A few years ago I summarized the hemispheric portion of my experience in an article entitled “Election Monitoring in the Americas--Benefit or Boondoggle?” The benefits far outweigh the boondoggle. But I'm getting ahead of myself.
Since 1990, the year that Canada joined the Organization of American States, 19 of its 34 members have had one or more of their elections monitored by international observers. In this period, the OAS alone has conducted over 80 observations. Millions of dollars, a lot of that money Canadian, have been invested, and hundreds of Canadians have been involved. This is clearly a major undertaking. But has it done any good? Has it changed the course of democratic evolution in the Americas? If you compare the dictatorship-dominated political landscape of the Americas in the pre-eighties period with the present, the answer is that the investment has been amply rewarded.
Unfortunately, there has been slippage. Very troubling in Latin America is evidence that popular confidence in the democratic system is eroding. That has little to do with the electoral process and much to do with the failure of expectations engendered by the promotion of democracy in the eighties and the collapse of respect for political parties—a bad situation, as political parties are of course the indispensable machinery of democracies.
Canada, especially through parliamentary networking and through the OAS, can do more to help parties and parliaments rebuild. CIDA has good governance programs in many countries. They need to be applied to political systems, not just to bureaucracies.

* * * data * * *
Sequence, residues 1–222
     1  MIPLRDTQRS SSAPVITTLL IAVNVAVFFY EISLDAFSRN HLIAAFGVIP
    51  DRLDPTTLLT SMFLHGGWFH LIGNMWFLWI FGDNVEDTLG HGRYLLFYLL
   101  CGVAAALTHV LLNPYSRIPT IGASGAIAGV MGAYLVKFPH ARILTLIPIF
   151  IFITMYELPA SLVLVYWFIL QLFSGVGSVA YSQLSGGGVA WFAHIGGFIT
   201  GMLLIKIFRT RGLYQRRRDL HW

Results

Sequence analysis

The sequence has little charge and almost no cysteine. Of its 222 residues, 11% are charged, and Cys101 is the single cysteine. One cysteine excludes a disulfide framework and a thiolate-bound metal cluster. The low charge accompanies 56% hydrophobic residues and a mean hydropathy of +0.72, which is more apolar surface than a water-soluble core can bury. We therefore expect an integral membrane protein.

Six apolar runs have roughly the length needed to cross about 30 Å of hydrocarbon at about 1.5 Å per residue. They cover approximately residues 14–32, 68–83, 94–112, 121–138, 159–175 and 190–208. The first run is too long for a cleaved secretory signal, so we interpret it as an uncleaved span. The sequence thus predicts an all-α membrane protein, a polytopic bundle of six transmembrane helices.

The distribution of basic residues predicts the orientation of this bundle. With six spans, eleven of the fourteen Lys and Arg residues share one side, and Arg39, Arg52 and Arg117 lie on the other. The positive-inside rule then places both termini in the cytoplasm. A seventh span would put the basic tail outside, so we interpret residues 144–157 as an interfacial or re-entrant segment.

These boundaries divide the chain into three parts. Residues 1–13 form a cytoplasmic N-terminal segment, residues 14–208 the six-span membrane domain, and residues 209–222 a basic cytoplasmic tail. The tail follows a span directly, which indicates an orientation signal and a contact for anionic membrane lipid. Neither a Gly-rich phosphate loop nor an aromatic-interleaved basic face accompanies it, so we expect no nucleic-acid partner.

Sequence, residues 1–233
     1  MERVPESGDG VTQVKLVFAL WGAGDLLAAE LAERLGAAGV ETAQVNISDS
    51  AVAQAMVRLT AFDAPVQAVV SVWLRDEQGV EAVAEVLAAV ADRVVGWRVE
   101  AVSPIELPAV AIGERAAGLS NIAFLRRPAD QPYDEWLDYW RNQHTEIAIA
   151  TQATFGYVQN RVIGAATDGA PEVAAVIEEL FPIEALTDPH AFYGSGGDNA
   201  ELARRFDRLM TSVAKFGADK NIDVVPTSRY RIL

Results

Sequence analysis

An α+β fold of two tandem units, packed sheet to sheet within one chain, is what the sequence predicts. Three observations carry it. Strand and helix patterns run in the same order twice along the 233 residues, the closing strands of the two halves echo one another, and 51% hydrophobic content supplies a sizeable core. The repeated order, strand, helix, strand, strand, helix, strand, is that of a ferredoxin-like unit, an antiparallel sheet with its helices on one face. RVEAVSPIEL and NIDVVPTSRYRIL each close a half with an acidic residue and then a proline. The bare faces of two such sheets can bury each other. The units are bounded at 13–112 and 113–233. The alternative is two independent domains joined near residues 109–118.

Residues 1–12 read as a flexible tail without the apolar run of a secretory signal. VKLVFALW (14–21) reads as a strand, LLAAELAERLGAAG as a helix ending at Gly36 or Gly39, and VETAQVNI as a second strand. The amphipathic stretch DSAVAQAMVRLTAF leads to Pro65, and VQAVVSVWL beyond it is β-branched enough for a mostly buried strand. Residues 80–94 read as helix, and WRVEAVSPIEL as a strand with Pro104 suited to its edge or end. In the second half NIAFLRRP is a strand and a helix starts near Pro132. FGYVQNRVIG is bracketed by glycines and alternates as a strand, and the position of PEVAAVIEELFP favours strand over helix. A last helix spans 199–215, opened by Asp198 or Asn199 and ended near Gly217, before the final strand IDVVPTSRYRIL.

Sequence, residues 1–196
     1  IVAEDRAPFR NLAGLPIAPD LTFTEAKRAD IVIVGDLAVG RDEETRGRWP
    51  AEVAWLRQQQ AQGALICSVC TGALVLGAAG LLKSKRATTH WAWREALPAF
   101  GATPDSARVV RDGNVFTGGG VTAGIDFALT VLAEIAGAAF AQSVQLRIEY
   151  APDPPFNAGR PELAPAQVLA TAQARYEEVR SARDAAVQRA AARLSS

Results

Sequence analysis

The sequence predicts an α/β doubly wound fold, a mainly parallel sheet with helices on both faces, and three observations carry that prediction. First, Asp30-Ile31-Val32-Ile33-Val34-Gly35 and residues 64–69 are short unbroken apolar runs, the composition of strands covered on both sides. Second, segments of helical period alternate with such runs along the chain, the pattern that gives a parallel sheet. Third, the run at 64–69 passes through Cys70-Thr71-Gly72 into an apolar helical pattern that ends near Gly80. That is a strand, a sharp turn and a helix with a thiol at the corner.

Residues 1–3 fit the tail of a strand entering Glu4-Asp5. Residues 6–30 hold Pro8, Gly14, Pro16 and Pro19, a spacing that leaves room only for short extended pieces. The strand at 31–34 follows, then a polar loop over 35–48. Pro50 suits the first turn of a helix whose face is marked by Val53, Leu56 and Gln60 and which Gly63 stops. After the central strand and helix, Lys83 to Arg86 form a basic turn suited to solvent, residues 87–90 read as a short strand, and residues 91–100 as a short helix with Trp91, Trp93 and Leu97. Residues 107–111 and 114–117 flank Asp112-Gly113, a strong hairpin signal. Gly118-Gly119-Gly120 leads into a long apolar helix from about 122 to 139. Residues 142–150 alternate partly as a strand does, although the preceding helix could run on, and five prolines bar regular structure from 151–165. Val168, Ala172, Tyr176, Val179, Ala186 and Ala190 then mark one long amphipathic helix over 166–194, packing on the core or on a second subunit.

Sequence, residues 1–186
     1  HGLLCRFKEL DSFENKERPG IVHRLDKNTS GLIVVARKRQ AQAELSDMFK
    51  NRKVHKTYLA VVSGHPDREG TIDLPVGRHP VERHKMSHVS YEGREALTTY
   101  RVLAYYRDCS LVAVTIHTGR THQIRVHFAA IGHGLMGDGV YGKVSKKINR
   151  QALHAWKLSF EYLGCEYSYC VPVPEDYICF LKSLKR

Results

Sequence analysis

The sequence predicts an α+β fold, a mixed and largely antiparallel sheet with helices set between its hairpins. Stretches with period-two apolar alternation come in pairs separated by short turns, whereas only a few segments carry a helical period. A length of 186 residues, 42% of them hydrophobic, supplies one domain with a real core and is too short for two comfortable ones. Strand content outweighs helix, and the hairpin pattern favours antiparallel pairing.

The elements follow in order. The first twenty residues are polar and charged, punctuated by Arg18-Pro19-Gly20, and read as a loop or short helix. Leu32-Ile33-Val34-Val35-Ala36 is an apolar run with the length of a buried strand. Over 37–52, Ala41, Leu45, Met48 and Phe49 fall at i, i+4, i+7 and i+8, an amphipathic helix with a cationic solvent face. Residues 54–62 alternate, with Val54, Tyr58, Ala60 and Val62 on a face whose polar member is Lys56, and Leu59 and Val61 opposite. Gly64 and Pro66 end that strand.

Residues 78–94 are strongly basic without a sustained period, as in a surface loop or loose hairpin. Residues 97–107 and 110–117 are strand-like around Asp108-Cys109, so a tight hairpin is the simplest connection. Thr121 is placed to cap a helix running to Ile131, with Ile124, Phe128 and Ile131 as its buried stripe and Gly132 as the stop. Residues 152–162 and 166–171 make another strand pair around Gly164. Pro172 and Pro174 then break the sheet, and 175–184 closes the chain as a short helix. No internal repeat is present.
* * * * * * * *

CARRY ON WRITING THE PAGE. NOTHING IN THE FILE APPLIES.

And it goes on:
The usual mandate of an observer mission is to assess whether an election can be endorsed as genuinely free and fair. The approval of international observers helps to establish legitimacy both internally and externally. For countries undergoing a transition from authoritarianism to the beginnings of a democratic system, the observer process has been critically important, and if accompanied by long-term technical assistance has been shown to play a decisive role in facilitating that transition. In countries where a democratic culture has been all but extinguished by dictatorship or has never matured, expert technical assistance must start from scratch to build reliable voter registration lists and all the other electoral infrastructure.